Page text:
CMS Offers a Sweeter Deal in Trading Up Integrated Eligibility Systems

Even if you tend to gloss over my technology blogs, please keep reading because this is really BIG news for the states. Yesterday, CMS announced that, for a limited time, it is waiving the requirement that the cost to replace or improve integrated eligibility systems be allocated across programs (at each program’s matching rate). Let’s dive into what this means for states.

Earlier this year, CMS announced the availability of enhanced federal funding for new or upgraded Medicaid eligibility systems with the federal government picking up 90% of the development cost (referred to as the 90/10 rule). The biggest drawback with this generous offer is that 44 states have integrated systems that manage eligibility for other programs like SNAP and TANF, in addition to Medicaid and CHIP. Those states face the dilemma of choosing between 1) delinking and building a new separate Medicaid eligibility system or 2) coming up with the higher state match for the proportional cost of the system represented by the other programs.

The issue for the states involves more than just money, which is not insignificant given the current fiscal environment. The prospect of operating separate systems on an ongoing basis requires rethinking how human service agencies and counties manage their eligibility work. But more importantly, it presents additional barriers to families who benefit from other programs. States and advocates alike have been concerned that delinking would mean that coordination of benefits across programs would become more complicated which is contradictory to the goals of the ACA to move toward a simplified, more coordinated system among the various health coverage options.

The latest announcement, jointly issued by the US Department of Agriculture which administers SNAP and three agencies within the Department of Health & Human Services, allows that development costs that would be incurred for the Medicaid, CHIP or Exchange portion of the system (like an on-line application) do NOT have to be cost-allocated regardless of whether other programs benefit. Only incremental costs for additional requirements to integrate the non-health programs must be charged to the specific program. Ongoing operational costs will be cost-allocated under the traditional rules. The cost-allocation between Exchange (100% federal) and Medicaid (90% federal) functionality remains in place. All systems also must meet new federal standards to ensure accessibility, functionality and performance.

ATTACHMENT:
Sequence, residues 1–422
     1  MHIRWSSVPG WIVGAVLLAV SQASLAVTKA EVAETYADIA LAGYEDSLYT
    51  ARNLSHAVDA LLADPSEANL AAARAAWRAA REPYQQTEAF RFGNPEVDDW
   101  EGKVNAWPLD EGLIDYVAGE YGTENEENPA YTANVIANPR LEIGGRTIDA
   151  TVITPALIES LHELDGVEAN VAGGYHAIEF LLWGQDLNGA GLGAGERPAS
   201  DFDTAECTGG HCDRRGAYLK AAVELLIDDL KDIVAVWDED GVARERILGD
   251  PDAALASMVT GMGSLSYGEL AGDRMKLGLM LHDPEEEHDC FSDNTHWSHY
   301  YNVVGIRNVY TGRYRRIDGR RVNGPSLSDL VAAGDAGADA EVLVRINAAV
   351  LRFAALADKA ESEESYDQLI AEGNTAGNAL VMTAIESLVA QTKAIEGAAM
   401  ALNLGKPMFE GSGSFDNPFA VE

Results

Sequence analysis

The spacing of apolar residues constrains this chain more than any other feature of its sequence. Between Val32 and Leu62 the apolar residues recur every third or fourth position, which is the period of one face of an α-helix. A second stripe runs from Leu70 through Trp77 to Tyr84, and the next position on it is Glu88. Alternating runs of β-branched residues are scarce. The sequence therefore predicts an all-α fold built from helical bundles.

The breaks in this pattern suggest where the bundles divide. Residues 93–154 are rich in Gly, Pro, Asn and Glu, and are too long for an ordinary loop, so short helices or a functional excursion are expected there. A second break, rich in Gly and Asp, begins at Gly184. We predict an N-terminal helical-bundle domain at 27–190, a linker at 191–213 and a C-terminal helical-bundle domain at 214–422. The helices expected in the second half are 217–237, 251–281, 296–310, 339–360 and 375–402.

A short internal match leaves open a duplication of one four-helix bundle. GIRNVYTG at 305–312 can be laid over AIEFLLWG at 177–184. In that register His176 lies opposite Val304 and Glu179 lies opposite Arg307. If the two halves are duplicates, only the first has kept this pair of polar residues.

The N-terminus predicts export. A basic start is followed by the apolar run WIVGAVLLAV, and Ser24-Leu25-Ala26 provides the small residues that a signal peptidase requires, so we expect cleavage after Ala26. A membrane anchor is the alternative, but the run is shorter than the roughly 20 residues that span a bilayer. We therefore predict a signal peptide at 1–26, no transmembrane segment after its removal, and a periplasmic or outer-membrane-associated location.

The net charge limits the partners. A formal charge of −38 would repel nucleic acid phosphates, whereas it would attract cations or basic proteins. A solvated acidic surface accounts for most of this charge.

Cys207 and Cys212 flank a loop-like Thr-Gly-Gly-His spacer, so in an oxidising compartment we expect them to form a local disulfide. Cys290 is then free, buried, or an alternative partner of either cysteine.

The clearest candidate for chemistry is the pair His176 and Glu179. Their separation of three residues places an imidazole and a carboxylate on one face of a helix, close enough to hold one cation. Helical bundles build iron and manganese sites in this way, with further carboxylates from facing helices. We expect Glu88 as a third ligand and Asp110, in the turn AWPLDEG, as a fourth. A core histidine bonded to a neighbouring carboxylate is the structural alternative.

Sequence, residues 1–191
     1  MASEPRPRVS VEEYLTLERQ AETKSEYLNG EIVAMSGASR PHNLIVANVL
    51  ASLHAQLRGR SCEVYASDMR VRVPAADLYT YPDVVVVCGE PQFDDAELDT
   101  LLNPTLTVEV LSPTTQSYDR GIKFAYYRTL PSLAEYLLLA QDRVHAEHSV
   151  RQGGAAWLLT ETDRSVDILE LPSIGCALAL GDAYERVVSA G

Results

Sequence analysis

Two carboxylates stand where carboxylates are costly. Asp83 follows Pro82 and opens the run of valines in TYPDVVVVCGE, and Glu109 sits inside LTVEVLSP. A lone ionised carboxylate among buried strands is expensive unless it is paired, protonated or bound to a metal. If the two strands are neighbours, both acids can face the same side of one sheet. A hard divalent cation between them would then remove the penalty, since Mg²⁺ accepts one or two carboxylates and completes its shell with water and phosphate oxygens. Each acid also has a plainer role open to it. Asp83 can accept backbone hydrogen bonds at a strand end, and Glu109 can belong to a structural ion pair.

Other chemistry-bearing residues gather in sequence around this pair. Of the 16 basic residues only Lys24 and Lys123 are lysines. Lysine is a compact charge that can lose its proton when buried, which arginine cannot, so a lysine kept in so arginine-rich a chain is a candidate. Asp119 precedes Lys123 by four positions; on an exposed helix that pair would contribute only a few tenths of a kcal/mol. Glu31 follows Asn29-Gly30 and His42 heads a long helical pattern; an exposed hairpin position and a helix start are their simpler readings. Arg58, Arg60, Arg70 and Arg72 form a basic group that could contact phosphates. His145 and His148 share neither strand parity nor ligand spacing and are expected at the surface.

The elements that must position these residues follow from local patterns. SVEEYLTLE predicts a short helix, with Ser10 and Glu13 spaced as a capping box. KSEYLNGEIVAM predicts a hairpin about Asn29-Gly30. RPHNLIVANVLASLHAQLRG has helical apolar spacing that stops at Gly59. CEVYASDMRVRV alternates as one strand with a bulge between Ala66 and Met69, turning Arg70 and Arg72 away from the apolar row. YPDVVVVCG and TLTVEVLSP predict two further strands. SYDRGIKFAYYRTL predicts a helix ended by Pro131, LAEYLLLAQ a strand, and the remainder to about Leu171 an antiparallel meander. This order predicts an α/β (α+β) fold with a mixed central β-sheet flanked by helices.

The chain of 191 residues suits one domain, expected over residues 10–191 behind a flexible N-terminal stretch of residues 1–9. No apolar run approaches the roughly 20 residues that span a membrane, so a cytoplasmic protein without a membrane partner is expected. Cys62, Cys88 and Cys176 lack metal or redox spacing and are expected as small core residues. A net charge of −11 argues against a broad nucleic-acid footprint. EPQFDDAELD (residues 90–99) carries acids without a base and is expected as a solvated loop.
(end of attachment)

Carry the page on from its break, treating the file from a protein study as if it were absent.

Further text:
The tight timeline for getting the new Medicaid, CHIP and Exchange eligibility system up and running may mean that states still may have to phase-in integration of the other public assistance programs. The temporary waiver from cost-allocation rules, which is effective immediately, will remain in effect until December 31, 2015. This gives states about 2.5 years to re-integrate other human service programs after they need to have the Medicaid/Exchange eligibility system functional. This timeline coincides with the expiration of the 90/10% enhanced federal match for Medicaid systems when system development costs revert back to a 50/50 match.

For states that are looking at major new system development, it seems logical to think about several phases in building these systems. Phase 1 implements eligibility for all coverage options that will rely on Modified Adjusted Gross Income (MAGI). Phase 2 would bring in the other Medicaid groups that will continue to rely on traditional eligibility methodology. And Phase 3 would re-integrate the human service programs such as SNAP, TANF and child-care subsidies. The current systems would continue to handle eligibility for the non-MAGI groups and human service programs in the interim. However, states that have already moved to more sophisticated technology may be able to move forward more quickly.

Overall, the temporary waiver of cost-allocation rules is icing on the 90/10 cake! This is an even sweeter deal for states to replace those clunker legacy systems and use state-of the-art technology to provide consumer-friendly, efficient and cost-effective access to health coverage and other key family supports. For more information on the temporary cost-allocation waiver, click here.

Tricia Brooks is a Research Professor at the Center for Children and Families (CCF), part of the McCourt School of Public Policy at Georgetown University.